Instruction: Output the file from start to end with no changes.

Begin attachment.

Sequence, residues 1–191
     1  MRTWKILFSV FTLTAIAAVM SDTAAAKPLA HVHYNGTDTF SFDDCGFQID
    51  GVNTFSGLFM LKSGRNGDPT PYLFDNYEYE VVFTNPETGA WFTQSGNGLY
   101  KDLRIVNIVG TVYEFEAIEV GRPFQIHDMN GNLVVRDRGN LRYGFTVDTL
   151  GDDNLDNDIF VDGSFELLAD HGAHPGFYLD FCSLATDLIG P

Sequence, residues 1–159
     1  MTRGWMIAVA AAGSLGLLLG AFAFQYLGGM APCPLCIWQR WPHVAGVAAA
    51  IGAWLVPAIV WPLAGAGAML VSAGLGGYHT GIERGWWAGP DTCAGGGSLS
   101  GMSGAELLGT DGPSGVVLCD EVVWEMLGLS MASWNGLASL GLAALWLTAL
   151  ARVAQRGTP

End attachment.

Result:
Sequence, residues 1–191
     1  MRTWKILFSV FTLTAIAAVM SDTAAAKPLA HVHYNGTDTF SFDDCGFQID
    51  GVNTFSGLFM LKSGRNGDPT PYLFDNYEYE VVFTNPETGA WFTQSGNGLY
   101  KDLRIVNIVG TVYEFEAIEV GRPFQIHDMN GNLVVRDRGN LRYGFTVDTL
   151  GDDNLDNDIF VDGSFELLAD HGAHPGFYLD FCSLATDLIG P

Sequence, residues 1–159
     1  MTRGWMIAVA AAGSLGLLLG AFAFQYLGGM APCPLCIWQR WPHVAGVAAA
    51  IGAWLVPAIV WPLAGAGAML VSAGLGGYHT GIERGWWAGP DTCAGGGSLS
   101  GMSGAELLGT DGPSGVVLCD EVVWEMLGLS MASWNGLASL GLAALWLTAL
   151  ARVAQRGTP